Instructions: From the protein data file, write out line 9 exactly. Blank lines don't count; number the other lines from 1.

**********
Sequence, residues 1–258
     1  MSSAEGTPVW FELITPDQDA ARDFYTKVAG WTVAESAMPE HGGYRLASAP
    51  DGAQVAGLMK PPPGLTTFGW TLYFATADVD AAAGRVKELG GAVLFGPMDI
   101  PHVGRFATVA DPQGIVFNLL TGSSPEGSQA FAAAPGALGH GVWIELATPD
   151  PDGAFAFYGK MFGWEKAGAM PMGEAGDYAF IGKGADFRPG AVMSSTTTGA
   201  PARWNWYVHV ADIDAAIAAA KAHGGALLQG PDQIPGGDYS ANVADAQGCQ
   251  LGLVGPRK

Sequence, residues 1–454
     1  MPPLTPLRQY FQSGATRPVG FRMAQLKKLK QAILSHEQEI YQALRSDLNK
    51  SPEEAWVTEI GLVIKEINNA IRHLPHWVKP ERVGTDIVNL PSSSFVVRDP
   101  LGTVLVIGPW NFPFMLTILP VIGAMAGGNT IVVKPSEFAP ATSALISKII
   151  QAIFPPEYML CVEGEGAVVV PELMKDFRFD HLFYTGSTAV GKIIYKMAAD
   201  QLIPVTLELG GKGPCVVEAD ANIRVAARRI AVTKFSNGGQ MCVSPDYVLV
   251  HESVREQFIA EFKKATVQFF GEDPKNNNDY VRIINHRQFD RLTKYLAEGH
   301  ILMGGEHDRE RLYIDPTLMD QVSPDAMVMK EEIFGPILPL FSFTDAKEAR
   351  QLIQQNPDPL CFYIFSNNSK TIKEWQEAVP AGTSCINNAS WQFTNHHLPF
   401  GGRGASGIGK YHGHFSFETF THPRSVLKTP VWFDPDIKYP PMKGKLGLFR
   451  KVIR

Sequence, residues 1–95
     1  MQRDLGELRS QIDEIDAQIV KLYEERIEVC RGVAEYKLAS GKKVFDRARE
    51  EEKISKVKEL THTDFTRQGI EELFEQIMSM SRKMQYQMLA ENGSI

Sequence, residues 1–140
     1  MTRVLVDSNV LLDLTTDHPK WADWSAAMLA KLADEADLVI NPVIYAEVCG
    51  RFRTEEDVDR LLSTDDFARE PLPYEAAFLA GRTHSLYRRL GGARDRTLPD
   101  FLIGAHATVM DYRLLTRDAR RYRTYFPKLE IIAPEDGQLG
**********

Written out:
     1  MPPLTPLRQY FQSGATRPVG FRMAQLKKLK QAILSHEQEI YQALRSDLNK